A cursory attempt to measure the extent of displacement over the past two decades indicates significant increases in conflict-induced displacement and displacement resulting from development projects. At the same time a growing opposition to the latter form of displacement has raised questions over its legitimacy through a variety of media, including public campaigns and protests. This article focuses on some of the challenges that this presents to the displacement and resettlement discourse. In particular it considers the influences of the rights to development agenda on the spatial context of displacement and its associated economic and political changes. There appears to be a disjuncture between the practices of mainstream development, which tend to interpret development policy as it is defined and applied by a nation state and to assess inequalities within clear geographical definitions, and the universality of a rights based approach to development. This article examines these tensions in the context of displacement and resettlement management, drawing on evidence from a case study of the Ilisu dam in South East Anatolia, Turkey. [source]


The Grace of God and the Equality of Human Persons

DIALOG, Issue 1 2003
Monica Jyotsna Melanchthon
The central concept in Reformation Theology,grace,finds resonance with notions of grace in Indian culture. The challenge of grace in India today is to bring equality to persons victimized by caste and genter discrimination. This article discusses (1) the biblical and theological meaning of "the grace of God"; (2) the universality of the grace experience; (3) the experience of society's excluded peoples; (4) sin; and (5) the graced community as a community of equals. [source]


Impacts of Dreissena invasions on benthic macroinvertebrate communities: a meta-analysis

DIVERSITY AND DISTRIBUTIONS, Issue 2 2007
Jessica M. Ward
ABSTRACT Dreissenid mussels (the zebra mussel Dreissena polymorpha and the quagga mussel Dreissena bugensis) have invaded lakes and rivers throughout North America and Europe, where they have been linked to dramatic changes in benthic invertebrate community diversity and abundance. Through a meta-analysis of published data from 47 sites, we developed statistical models of Dreissena impact on benthic macroinvertebrates across a broad range of habitats and environmental conditions. The introduction of Dreissena was generally associated with increased benthic macroinvertebrate density and taxonomic richness, and with decreased community evenness (of taxa excluding Dreissena). However, the strength of these effects varied with sediment particle size across sites. The effects of Dreissena differed among taxonomic and functional groups of macroinvertebrates, with positive effects on the densities of scrapers and predators, particularly leeches (Hirudinea), flatworms (Turbellaria), and mayflies (Ephemeroptera). Gastropod densities increased in the presence of Dreissena, but large-bodied snail taxa tended to decline. Dreissena was associated with declines in the densities sphaeriid clams and other large filter-feeding taxa, as well as burrowing amphipods (Diporeia spp.), but had strong positive effects on gammarid amphipods. These patterns are robust to variation in the methodology of primary studies. The effects of Dreissena are remarkably concordant with those of ecologically similar species, suggesting universality in the interactions between introduced byssally attached mussels and other macroinvertebrates. [source]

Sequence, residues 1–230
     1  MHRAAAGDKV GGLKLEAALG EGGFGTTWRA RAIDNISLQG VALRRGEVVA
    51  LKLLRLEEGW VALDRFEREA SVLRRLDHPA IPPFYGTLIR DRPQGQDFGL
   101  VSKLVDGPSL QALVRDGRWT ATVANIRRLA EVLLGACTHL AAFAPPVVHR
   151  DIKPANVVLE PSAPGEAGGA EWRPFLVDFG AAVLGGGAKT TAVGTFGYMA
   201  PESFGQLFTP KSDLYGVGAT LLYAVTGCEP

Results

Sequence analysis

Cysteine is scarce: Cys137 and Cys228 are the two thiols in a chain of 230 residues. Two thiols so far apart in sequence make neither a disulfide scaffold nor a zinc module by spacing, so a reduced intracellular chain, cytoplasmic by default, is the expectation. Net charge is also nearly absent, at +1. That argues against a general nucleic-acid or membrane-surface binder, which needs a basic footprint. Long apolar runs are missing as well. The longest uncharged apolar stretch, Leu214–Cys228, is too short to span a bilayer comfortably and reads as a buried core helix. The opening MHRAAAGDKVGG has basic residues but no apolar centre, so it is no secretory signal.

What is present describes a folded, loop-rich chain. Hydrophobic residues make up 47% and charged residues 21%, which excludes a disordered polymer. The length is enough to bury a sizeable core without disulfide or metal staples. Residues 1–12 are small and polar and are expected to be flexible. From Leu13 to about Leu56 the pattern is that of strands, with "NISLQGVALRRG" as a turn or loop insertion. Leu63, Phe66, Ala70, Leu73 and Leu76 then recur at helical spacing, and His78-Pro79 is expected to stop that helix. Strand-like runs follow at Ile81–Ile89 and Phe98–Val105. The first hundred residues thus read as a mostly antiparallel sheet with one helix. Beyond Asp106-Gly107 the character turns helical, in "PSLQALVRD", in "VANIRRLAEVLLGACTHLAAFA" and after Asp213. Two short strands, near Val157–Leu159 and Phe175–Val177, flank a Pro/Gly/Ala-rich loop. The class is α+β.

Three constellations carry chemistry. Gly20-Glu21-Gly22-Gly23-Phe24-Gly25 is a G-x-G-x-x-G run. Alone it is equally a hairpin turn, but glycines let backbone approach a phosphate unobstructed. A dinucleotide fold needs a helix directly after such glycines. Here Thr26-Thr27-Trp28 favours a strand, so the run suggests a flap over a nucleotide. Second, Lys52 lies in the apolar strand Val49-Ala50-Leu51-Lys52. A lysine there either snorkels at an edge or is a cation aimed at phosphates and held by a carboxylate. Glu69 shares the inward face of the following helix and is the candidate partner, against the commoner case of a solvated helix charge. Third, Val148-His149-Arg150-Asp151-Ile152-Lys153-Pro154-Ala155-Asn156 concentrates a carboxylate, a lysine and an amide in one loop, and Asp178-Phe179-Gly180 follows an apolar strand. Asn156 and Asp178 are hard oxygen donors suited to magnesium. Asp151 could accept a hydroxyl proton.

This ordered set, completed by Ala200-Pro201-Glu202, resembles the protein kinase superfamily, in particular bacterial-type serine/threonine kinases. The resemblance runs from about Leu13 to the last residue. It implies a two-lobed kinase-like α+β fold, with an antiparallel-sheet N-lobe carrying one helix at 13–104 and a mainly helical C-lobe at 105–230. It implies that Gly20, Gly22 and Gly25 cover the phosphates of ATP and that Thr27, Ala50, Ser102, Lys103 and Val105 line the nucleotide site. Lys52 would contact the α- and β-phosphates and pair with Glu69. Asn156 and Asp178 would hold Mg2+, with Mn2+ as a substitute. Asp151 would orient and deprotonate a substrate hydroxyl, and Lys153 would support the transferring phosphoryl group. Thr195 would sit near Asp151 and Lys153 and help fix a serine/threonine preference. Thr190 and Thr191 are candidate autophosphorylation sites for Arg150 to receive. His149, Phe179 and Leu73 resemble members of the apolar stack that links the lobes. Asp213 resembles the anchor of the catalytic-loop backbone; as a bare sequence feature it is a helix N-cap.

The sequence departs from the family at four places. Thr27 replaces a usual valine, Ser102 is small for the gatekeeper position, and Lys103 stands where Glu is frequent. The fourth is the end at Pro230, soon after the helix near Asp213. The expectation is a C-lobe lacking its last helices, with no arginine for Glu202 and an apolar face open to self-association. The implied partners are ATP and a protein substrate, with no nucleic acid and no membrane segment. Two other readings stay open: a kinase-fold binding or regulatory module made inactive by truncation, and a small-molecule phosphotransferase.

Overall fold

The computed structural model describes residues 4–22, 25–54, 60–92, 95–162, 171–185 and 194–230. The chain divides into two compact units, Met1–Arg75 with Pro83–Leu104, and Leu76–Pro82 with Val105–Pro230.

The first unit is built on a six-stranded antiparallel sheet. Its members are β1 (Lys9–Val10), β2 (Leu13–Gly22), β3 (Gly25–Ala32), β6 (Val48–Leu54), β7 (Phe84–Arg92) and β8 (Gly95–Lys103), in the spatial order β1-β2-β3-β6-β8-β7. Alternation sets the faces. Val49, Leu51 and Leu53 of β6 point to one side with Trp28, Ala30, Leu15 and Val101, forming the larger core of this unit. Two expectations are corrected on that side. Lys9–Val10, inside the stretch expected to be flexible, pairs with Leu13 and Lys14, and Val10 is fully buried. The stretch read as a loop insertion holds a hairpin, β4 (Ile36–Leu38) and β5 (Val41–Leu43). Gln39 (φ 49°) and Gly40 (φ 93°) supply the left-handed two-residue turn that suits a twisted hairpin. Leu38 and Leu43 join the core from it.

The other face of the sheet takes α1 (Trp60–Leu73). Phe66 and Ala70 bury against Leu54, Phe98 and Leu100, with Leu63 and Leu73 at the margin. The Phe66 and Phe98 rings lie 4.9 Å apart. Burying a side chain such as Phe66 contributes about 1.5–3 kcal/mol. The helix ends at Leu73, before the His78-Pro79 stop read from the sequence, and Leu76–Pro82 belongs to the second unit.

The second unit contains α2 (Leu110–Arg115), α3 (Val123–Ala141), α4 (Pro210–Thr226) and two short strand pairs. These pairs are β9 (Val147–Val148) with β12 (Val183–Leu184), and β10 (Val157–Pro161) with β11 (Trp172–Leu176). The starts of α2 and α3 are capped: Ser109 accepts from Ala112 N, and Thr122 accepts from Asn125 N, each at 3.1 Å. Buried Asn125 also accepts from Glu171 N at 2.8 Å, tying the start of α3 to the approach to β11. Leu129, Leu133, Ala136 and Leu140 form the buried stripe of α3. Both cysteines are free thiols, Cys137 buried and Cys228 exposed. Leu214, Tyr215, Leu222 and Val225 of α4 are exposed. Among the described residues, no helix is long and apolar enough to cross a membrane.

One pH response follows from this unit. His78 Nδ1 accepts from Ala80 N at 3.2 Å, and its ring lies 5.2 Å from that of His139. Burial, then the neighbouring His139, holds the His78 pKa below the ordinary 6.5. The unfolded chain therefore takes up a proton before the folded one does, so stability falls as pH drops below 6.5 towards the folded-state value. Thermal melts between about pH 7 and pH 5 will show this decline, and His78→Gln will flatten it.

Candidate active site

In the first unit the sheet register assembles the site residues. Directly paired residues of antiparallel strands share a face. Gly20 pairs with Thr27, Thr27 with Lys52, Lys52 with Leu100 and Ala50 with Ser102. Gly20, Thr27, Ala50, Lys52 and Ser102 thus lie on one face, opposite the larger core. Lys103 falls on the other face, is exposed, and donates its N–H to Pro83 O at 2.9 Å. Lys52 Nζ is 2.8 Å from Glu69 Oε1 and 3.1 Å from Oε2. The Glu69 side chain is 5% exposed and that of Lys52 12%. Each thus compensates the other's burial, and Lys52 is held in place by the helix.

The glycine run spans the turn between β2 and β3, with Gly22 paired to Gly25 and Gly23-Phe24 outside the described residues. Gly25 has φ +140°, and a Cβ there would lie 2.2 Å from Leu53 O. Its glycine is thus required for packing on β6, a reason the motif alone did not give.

Field theory for biogeography: a spatially explicit model for predicting patterns of biodiversity

ECOLOGY LETTERS, Issue 1 2010
James P. O'Dwyer
Abstract Predicting the variation of biodiversity across the surface of the Earth is a fundamental issue in ecology, and in this article we focus on one of the most widely studied spatial biodiversity patterns: the species,area relationship (SAR). The SAR is a central tool in conservation, being used to predict species loss following global climate change, and is striking in its universality throughout different geographical regions and across the tree of life. In this article we draw upon the methods of quantum field theory and the foundation of neutral community ecology to derive the first spatially explicit neutral prediction for the SAR. We find that the SAR has three phases, with a power law increase at intermediate scales, consistent with decades of documented empirical patterns. Our model also provides a building block for incorporating non-neutral biological variation, with the potential to bridge the gap between neutral and niche-based approaches to community assembly. Ecology Letters (2010) 13: 87,95 [source]